This paper will identify, raise awareness of, and help reduce risks to NATO’s nuclear weapon systems arising from cybersecurity vulnerabilities. It aims to respond to the need for more public information on cyber risks in NATO’s nuclear mission, and to provide policy-driven research to shape and inform nuclear policy at member-state level.
5. Legal Implications of Attacking Dual-use C3 Systems
Given the complexity and sophistication of C3 systems, it is difficult, if not impossible, to entirely predict and anticipate outcomes of a cyberattack and/or the probability of a given outcome. For example, an attack on a dual-use C3 system may have unintended consequences, such as the rapid increase of temperature of the hardware due to the modification of settings and parameters, consequently causing physical damage to the targeted assets when perhaps the initial motivation behind the attack was limited to merely modifying settings and parameters. Potential unintended consequences add layers of uncertainty and complexity to problems of misinterpretation and could potentially add escalatory pressure. These unintended consequences can subsequently have serious legal implications, notably in the realm of law of armed conflict/international humanitarian law (IHL).
In an armed conflict, an armed attack must respect the principles of distinction, proportionality and precautions. These principles may be (unintentionally) violated due to the dual-use nature (military and civilian) of assets used for both nuclear and conventional C3. In the context of an armed conflict, if the affected assets were used both for military and civilian applications, determining the extent to which the attack on these assets would constitute a ‘definite military advantage’ at the time of the operation would be key in determining the legality of the attack vis-à-vis the principle of distinction. For instance, global navigation satellite systems (GNSS) play a crucial role in accurate timing and synchronization, as well as in weapon guidance (navigation), all of which constitute critical elements for both nuclear and non-nuclear operations. However, an operation directed at GNSS assets could not only prove to be highly escalatory for the reasons outlined above, but may also potentially constitute a violation of the legal principle of distinction, given that the same assets are used not solely in the defence sector, but throughout national critical infrastructure sectors for civilian purposes. While dual-use C3 assets may be cost-effective and practical from an operational perspective, with the growing sophistication and increasing number of offensive cyber operations they may be problematic from an IHL perspective.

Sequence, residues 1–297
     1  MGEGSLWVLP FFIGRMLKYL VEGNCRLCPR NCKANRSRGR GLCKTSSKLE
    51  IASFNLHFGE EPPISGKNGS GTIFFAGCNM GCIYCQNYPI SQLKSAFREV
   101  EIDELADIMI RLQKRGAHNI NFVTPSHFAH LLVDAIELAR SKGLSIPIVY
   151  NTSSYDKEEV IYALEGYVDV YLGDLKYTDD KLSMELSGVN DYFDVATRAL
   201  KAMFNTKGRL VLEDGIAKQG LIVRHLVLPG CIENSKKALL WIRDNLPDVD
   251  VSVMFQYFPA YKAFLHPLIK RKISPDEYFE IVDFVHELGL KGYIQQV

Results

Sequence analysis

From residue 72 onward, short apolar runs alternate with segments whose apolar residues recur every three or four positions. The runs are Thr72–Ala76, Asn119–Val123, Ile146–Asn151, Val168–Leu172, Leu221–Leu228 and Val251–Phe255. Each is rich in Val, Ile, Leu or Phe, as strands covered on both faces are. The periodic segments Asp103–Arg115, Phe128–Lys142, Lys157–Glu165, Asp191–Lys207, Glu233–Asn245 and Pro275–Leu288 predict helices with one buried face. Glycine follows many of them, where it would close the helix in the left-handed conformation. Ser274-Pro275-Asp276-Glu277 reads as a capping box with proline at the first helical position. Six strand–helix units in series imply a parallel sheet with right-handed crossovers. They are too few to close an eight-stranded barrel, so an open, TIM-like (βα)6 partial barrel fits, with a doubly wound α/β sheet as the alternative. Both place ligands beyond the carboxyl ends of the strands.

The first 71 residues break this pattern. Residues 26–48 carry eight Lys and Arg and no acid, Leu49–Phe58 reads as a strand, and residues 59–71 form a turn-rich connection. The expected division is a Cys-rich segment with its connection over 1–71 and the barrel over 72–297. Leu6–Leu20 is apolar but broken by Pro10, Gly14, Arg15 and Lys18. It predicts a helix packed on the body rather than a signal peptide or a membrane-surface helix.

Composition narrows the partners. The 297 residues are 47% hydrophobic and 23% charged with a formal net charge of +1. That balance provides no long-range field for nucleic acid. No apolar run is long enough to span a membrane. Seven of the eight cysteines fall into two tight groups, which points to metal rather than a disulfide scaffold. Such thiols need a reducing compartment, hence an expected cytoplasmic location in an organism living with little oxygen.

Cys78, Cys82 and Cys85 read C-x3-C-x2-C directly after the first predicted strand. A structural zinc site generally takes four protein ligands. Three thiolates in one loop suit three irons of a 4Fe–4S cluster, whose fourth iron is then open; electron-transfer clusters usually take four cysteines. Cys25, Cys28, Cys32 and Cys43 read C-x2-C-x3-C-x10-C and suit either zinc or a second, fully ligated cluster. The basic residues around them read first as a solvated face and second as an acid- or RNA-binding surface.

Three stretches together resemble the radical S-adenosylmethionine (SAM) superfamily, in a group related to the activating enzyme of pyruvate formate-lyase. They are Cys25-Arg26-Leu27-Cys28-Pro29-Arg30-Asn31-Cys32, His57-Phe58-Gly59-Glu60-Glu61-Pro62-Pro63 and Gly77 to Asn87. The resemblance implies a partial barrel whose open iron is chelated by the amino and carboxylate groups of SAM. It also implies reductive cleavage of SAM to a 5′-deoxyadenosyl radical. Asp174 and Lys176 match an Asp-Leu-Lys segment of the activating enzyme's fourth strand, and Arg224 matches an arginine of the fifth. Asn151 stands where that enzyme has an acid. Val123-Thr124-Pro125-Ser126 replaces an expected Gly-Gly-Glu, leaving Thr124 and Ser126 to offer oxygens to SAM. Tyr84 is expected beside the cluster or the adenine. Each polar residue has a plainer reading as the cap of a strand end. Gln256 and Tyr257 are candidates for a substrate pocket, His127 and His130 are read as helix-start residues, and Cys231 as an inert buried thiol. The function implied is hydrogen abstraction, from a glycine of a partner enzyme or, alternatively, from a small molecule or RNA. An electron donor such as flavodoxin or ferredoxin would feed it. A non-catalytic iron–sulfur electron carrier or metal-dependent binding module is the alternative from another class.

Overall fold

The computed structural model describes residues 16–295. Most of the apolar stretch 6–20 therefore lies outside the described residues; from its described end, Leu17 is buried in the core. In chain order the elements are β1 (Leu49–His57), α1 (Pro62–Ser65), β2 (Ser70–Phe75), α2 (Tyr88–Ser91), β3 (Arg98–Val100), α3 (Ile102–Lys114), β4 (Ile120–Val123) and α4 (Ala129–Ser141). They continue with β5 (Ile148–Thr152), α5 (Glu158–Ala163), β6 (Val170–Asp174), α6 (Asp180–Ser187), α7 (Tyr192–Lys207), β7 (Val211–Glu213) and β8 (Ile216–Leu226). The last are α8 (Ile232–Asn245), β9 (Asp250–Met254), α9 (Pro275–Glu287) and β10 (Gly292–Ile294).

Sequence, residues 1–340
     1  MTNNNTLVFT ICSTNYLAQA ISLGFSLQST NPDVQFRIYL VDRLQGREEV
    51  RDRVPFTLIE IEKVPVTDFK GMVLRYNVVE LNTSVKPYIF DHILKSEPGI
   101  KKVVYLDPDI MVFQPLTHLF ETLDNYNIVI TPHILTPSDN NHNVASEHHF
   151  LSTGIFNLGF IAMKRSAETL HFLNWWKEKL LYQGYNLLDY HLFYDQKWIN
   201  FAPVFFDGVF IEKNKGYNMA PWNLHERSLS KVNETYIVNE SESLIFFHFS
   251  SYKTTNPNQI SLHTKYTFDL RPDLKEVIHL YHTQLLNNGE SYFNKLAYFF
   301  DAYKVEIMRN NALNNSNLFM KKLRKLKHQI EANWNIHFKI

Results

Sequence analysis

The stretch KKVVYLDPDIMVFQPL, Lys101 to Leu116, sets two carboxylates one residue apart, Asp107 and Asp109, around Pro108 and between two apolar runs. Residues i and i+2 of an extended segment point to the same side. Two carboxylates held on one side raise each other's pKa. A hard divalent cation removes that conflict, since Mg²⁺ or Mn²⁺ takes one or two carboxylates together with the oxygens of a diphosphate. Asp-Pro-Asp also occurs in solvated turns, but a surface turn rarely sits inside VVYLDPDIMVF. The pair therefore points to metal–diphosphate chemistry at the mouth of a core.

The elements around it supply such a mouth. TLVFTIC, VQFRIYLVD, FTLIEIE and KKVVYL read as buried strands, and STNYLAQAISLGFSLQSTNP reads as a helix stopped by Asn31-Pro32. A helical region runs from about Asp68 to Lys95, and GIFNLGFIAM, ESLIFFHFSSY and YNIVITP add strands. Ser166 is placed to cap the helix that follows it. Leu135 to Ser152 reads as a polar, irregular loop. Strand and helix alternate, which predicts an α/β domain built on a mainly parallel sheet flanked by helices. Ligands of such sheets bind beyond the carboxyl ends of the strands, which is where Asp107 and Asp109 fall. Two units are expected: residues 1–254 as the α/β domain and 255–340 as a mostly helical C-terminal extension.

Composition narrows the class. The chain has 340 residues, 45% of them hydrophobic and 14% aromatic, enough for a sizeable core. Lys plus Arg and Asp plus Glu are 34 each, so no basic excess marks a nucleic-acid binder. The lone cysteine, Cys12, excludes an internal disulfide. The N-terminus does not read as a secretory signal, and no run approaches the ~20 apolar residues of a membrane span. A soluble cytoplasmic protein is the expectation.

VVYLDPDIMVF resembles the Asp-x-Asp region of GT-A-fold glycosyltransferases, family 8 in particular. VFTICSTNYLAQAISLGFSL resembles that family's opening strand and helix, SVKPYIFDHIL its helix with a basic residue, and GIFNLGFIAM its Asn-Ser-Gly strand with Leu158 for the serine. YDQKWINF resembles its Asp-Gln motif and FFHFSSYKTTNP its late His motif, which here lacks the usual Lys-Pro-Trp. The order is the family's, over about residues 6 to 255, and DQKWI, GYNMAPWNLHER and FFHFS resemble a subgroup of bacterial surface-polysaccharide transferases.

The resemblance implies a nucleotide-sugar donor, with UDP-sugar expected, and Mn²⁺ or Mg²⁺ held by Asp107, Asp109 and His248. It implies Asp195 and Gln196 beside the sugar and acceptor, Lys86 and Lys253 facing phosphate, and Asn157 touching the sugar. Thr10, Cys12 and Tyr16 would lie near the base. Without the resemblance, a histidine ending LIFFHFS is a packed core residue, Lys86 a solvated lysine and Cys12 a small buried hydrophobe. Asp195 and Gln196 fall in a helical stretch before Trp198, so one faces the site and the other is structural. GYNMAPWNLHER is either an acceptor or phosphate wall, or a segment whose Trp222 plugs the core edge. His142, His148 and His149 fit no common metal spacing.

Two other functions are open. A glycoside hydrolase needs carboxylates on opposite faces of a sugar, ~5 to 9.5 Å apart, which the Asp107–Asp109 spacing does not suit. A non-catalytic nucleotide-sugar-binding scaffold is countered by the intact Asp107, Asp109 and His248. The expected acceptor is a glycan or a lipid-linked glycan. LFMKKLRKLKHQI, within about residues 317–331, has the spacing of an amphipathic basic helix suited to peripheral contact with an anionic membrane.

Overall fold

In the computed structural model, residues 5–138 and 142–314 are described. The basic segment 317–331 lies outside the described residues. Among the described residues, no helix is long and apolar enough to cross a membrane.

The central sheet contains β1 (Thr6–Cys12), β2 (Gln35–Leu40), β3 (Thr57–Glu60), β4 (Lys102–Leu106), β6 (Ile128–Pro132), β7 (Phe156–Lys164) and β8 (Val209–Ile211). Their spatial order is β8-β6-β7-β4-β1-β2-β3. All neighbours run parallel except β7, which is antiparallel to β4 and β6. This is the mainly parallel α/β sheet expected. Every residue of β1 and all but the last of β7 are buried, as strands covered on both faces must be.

The assessment of an attack’s legality may prove to be challenging in the context of cyber operations against NC3 systems, as there may be conflicting views on whether or not there is an armed conflict – thus how the norms on the conduct of hostilities in IHL apply.
This is of importance given the potential for unintended consequences of cyber operations and what this may mean for the civilian sphere. Indiscriminate cyber operations may cause damage without distinction to military objectives and civilian objectives. In the context of a cyber operation on a dual-use C3 asset in an armed conflict, it is almost impossible to ensure that the direct and indirect consequences of the attack remain within the existing legal frameworks for the conduct of hostilities and do not spill over to cause harm on civilian objects. However, it is important to note in this context that damages caused to these civilian objects may to a certain extent be lawful as long as they are proportionate.
Another key aspect is the customary precautionary principle against the effects of an attack, for which parties to a conflict ‘must take all feasible precautions to protect the civilian population and civilian objects under their control against the effects of attacks’. There is value in examining the extent to which states have a legal obligation in ensuring and taking ‘all feasible precautions’ to protect these dual-use assets that the civilian sphere and the military may depend on for C3 purposes (e.g. weather forecast satellites) against the effects of attacks.
In addition, the assessment of an attack’s legality may prove to be challenging in the context of cyber operations against NC3 systems, as there may be conflicting views on whether or not there is an armed conflict – thus how the norms on the conduct of hostilities in IHL apply (and whether the law of armed conflict is applicable, at all) – unless the attack is obviously part of a wider conflict. It is also debatable whether a cyber operation is considered to cross the threshold of armed conflict, and thus for the laws of armed conflict to be applicable. This uncertainty may particularly dominate when the attacks are of relatively low impact, and thus may not even be considered as an ‘attack’ in its legal sense. Such operations can be even more problematic if the disruption comes from a non-state armed group.